Little Ringed Plover  Charadrius dubius  – c10

Kentish Plover  Charadrius alexandrinus  – 35+

Oriental Plover  Charadrius veredus  – 31 flew off (of their own volition!) before we found them on the     ground but decent views in flight as they passed @ overhead after a few turns orientating.

Temminck’s Stint  Calidris temminckii  – three

Oriental Pratincole  Glareola maldivarum  – four

‘Yellow-legged’ Gull  Larus (cachinnans) mongolicus – eight (single adult & 3rd c-y, and six 2nd c-y)

Common Black-headed Gull  Larus ridibundus  – 170+

Relict Gull  Larus relictus  – c5 on main body of water ‘disappeared’

Oriental Turtle Dove  Streptopelia orientalis  – one

Eurasian Collared Dove  Streptopelia decaocto  – 6+

Common Kingfisher  Alcedo atthis  – six

Hoopoe  Upupa epops  – one

Great Spotted Woodpecker  Dendrocopos major  – two

Grey-headed Woodpecker  Picus canus  – one

Azure-winged Magpie  Cyanopica cyanus  – ten

Common Magpie  Pica pica  – too many

Carrion Crow  Corvus corone  – one

Large-billed Crow  Corvus macrorhynchos  – one

Eastern Great Tit  Parus minor  – one

Marsh Tit  Parus palustris  – one w/ nest material at YYH

Chinese Penduline Tit  Remiz (pendulinus) consobrinus  – ten

Sand Martin  Riparia riparia  – one at YYH

Barn Swallow  Hirundo rustica  – 20

Greater Short-toed Lark  Calandrella brachydactyla  – 230+

Asian Short-toed Lark  Calandrella cheleensis  – eight

Eurasian Skylark  Alauda arvensis  – ten

Fan-tailed Warbler  Cisticola juncidis  – one heard

Chinese Hill Warbler  Rhopophilus pekinensis  – three at YYH

Vinous-throated Parrotbill  Paradoxornis webbianus  – 30+

White-cheeked Starling  Sturnus cineraceus  – 15

Black-throated Thrush  Turdus atrogularis  – one female-type ‘scoped

Red-throated Thrush  Turdus ruficollis  – 2+ (‘scope views of a yawning, confiding bird)

Naumann’s Thrush  Turdus naumanni   – 4+ en route S of Badaling

Daurian Redstart  Phoenicurus auroreus  – four

Eurasian Tree Sparrow  Passer montanus  – lots

Citrine Wagtail  Motacilla citreola  – one male

White Wagtail  Motacilla alba  – 10+ (incl 2+ ocularis, three baicalensis & one personata – last of     particular interest*: seen repeatedly on ground at Yurts & photographed)

Buff-bellied Pipit  Anthus rubescens japonicus  – 22+

Water Pipit  Anthus spinoletta blakistoni  – 8+

Oriental Greenfinch  Carduelis sinica  – one (+ one en route N of Badaling)

Little Bunting  Emberiza pusilla  – three

Yellow-throated Bunting  Emberiza elegans  – one male

Pallas’s Reed Bunting  Emberiza pallasi  – 55+ (many superb looks…)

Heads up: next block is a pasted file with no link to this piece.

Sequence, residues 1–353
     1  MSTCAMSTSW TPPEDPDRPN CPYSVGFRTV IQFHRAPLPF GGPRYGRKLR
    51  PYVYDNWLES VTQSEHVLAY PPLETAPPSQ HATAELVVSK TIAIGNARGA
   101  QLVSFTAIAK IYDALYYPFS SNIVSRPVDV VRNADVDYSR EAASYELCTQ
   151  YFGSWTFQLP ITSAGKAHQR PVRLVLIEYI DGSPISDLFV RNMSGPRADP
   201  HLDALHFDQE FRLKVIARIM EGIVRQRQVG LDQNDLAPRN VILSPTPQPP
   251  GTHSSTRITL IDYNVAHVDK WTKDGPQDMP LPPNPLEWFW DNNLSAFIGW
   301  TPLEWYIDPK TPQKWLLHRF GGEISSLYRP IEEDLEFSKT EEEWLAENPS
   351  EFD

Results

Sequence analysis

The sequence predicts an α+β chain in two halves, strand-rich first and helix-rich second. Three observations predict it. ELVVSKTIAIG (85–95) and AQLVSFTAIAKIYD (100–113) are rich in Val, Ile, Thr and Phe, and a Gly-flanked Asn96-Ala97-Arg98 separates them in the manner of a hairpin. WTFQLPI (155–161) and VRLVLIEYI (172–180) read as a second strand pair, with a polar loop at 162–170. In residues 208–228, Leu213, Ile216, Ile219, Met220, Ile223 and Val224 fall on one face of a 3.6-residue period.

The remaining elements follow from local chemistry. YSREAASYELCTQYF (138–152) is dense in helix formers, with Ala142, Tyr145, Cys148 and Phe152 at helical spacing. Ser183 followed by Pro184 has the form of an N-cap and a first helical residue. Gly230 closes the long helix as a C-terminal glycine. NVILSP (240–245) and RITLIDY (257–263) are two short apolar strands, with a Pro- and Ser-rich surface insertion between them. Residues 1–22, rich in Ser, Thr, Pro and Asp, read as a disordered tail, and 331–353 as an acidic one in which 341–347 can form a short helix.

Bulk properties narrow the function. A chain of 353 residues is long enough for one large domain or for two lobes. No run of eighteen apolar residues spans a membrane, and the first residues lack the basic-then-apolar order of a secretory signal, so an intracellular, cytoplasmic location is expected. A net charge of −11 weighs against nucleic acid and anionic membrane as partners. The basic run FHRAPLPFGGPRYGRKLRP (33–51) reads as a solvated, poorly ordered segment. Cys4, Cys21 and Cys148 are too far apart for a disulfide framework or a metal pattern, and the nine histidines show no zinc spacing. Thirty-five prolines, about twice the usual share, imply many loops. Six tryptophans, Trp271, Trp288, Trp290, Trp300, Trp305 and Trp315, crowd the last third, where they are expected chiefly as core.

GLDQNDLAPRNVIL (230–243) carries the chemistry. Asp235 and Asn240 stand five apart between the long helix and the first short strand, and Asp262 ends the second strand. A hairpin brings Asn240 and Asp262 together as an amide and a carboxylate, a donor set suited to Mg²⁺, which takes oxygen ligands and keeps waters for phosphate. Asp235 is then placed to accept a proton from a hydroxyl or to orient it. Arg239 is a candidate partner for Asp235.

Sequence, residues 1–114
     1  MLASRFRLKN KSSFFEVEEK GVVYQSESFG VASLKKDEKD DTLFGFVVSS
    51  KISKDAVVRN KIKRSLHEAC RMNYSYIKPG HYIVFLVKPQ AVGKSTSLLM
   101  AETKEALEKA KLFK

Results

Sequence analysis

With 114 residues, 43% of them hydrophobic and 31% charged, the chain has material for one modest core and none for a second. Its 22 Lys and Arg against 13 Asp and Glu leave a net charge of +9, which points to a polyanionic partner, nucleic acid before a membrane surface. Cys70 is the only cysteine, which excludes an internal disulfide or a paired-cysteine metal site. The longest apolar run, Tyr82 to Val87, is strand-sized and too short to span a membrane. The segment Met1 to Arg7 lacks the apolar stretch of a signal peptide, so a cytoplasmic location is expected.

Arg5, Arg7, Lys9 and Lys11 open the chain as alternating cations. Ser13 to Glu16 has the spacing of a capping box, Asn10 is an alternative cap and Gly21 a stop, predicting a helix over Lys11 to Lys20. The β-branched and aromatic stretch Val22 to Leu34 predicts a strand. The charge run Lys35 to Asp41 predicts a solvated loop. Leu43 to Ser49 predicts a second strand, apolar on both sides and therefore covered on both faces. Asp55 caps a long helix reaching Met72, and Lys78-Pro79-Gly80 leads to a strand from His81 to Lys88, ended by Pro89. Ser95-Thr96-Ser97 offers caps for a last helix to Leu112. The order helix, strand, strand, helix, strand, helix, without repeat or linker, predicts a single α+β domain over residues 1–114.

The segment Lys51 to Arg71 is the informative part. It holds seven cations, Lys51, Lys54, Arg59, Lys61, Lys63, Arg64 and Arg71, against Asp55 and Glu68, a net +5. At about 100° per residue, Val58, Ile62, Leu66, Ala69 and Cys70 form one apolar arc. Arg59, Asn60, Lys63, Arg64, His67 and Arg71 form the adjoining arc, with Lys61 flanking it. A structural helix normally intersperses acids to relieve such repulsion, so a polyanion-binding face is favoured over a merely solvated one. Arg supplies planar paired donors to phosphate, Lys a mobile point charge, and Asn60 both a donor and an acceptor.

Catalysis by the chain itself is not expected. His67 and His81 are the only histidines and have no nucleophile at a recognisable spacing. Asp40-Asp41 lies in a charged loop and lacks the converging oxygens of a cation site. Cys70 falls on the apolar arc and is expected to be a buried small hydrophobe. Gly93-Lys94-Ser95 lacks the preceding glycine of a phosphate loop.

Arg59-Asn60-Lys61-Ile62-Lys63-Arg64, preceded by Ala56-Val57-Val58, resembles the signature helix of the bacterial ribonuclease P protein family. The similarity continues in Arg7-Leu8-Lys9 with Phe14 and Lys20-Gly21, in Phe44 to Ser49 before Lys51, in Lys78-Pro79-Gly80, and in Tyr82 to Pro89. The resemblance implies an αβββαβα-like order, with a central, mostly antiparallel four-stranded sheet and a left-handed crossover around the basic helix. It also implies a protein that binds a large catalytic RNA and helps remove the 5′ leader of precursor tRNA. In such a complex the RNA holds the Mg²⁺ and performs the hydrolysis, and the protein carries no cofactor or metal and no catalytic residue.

Mammals

Hare sp  – one ‘scoped (should be Tolai Hare but ears looked short, @ length of head only)  


Desert Wheatear

This morning I found what I believe is the 2nd Beijing record of Desert Wheatear.  It was the highlight on a special day that included 19 stunning Oriental Plovers, 12 Relict Gulls and a Mongolian Lark.

Early April is a great time in Beijing with migration stepping up a gear as the winter visitors (e.g. cranes, geese etc) begin to move on and birds from further south take their place.  Swan Geese are now moving through in good numbers and I counted 67 first thing.  An over-eager bird photographer in his 4×4 saw I was looking at this group, drove directly to the water’s edge at pace and, not surprisingly, the birds took flight.  The silver lining was that I was able to capture this image of the flock rising against the mountains in the early morning sun..

Swan Geese, Ma Chang, 5 April 2012

A check of the ‘desert’ area for Oriental Plover initially drew a blank but, as I was watching a group of Little Ringed Plovers, 9 Oriental Plovers dropped in, closely followed by 2 more, then another 4 and then, amazingly, another 4, totalling 19 birds…  Wow!  The birds were in a variety of plumages with most in full breeding attire.  Oriental Plover is a jewel among waders and its inaccessible breeding and wintering sites make it a difficult bird to see.   I will post some more images and video of the Oriental Plovers separately but here is a portrait of one of the smarter birds in the group.

Oriental Plover, Ma Chang, 5 April 2012. A wonderful bird.

I watched these birds for about 20 minutes before heading towards the yurts on the edge of the reservoir to the west.  It was on the way that I caught sight of a small bird perching on a stone.  Through the binoculars I could see it was a Wheatear.  Any wheatear is scarce in eastern China, so I knew it was a good record.  I walked around so that I had the sun behind me and slowly edged closer.  It was very confiding and, after grabbing a few images, I was pretty happy that it must be a Desert Wheatear.  I knew one had been seen at the same site in 2010 (the first Beijing record).  But then I began to have doubts.. I had never seen Pied or Isabelline (the other two possibilities)..  and unfortunately I didn’t see the tail pattern well at all.. which I knew would be very instructive.  Shortly after I took the images below, the wheatear was flushed by a Merlin and flew high west until out of view.   On returning home, I checked images on Oriental Bird Club image database and worked out that it could only be a Desert.  Jesper Hornskov kindly confirmed the id.